Fancy sponsoring a concert, winning free tickets or auditioning? Try the British Embassy Choir Tokyo.
Singing, to some of us, is a pursuit closely associated with showers and karaoke bars. To others, it is a distant memory from their youth, days of Sunday school and campfires. Then there are those who sing along to their favourite music in their head, lest they embarrass themselves or others should they let rip.
Music can be at once a form of relaxation, entertainment, an expression of artistic passion and business. In Tokyo, there is an English-speaking choir that combines all of these and other elements of music enjoyment for singers in the international community.
The British Embassy Choir Tokyo (BEC) has, as its name suggests, strong links with the UK. It was formed in the late 1980s by Stephen Gomersall, who worked at the embassy, and was taken on by then-Ambassador Sir John Boyd in the 1990s. The choir flourished into an independent group outside the embassy and is now the premier international choral group in Tokyo, welcoming willing and able singers from any country, though the British choral tradition remains a source of inspiration. Ambassador Sir David Warren is the BEC’s patron.
The choir sings a wide variety of music from the sacred and secular choral repertoires, as well as ballads, light opera, folk and popular songs. Many members have a formal music background and hail from a wide range of countries across all continents and regions.
Their occupations are diverse as well, the current register of singers encompassing high school and university students, working mothers, entrepreneurs, bankers, teachers, self-made businessmen (active and retired), corporate executives, office workers and others.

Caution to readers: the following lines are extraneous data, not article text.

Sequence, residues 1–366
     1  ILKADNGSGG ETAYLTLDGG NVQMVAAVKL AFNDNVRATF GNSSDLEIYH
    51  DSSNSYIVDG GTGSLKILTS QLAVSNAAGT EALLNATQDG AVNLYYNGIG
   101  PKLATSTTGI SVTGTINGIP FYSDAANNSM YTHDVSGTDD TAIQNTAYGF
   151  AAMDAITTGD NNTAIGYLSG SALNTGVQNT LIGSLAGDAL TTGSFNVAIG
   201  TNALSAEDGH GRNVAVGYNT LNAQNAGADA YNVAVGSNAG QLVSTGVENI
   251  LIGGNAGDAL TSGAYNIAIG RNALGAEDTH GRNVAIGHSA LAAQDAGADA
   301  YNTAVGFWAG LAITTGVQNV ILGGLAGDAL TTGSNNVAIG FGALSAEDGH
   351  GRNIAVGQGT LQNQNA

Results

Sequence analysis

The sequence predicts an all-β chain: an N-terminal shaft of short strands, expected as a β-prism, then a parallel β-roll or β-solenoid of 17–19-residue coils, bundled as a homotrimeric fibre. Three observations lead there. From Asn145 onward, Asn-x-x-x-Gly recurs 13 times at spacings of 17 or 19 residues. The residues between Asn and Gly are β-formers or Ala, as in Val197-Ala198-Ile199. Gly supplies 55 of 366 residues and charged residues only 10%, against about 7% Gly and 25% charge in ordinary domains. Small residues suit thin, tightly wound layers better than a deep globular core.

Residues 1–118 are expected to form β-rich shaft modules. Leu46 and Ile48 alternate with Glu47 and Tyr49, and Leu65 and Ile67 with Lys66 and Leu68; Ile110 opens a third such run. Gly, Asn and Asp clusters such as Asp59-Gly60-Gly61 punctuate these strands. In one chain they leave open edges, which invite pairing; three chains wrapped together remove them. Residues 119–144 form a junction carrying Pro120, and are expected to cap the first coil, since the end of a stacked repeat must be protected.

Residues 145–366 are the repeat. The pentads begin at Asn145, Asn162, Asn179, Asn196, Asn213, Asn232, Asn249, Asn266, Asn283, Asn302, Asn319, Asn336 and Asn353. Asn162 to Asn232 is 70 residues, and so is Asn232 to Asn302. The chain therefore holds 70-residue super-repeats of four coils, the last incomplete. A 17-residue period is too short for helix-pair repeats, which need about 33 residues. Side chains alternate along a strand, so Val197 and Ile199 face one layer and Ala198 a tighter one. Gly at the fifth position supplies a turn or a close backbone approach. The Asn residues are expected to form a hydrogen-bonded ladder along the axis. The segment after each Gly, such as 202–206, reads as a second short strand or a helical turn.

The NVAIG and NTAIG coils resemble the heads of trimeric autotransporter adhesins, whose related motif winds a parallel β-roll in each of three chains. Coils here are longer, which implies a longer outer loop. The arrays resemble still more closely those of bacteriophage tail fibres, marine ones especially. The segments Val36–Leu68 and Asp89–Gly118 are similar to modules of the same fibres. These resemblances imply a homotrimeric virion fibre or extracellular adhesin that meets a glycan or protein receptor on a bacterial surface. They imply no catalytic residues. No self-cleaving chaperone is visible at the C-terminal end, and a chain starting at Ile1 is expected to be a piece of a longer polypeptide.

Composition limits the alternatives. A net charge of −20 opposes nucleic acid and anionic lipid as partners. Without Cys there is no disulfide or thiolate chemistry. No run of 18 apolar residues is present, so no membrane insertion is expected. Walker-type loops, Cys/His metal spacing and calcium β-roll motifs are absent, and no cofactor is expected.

Soprano Junko Sato, who works in her husband’s trading firm, says that singing with the choir brought a new dimension to her life.
“I am grateful that the BEC gave me an opportunity to get back into music after a long break. There is a lot to learn from putting together each season’s concerts with other singers who are all connected by the love of singing”.
One of the features that makes the choir stand out in comparison with others is that it performs strictly for charity. All members, including the musical director and conductor, Steven Morgan, and the singers are volunteers who give up their time and make every effort for this purpose.
Concerts, held twice yearly at Christmas and during the spring or summer, are put on at no cost to the audience, who are admitted free of charge. Donations are collected at the concert venue and passed on to Japan-based charities.
Over the years, the BEC has given money to many organisations and some of the recent recipients include Animal Refuge Kansai, Ashinaga, Caritas Japan, Family House, Oxfam Japan and the Tyler Foundation.
The choir provides corporate and individual sponsorship opportunities. For a modest contribution towards the operating budget (otherwise funded by members) and depending on the category, sponsors can receive:
- Mention in concert fliers
- Programme and website advertisements
- Preferred seating (on request)
- A souvenir from the choir
- Mailed information about events
- A mini concert at their private or office function
The BEC is scheduled to perform in two upcoming events. On 2 and 10 June, the choir will feature Johannes Brahms’ Ein Deutsches Requiem and pieces by Elgar, Fauré, Morgan and Schumann.
Donations will go to School Music Revival and Sweet Treat 311, both of which help children in the quake-hit Tohoku region.
On 18 and 19 June, some BEC members will be part of a choir of 300 singers to perform Sir Paul McCartney’s Liverpool Oratorio in Tokyo.
According to Morgan: “It is a great opportunity for the BEC to take part in a project which offers us the chance to expand the scope of our music making. Whereas most of our repertoire is taken from the classics—by Bach, Haydn, Mendelssohn, Brahms and others—this event is exciting for two reasons. First, we get to sing a work by a living composer; second, we get to sing a work that is a sort of fusion of classical and popular music. Besides having broad audience appeal, it gives us a chance to stretch our musical boundaries a bit”.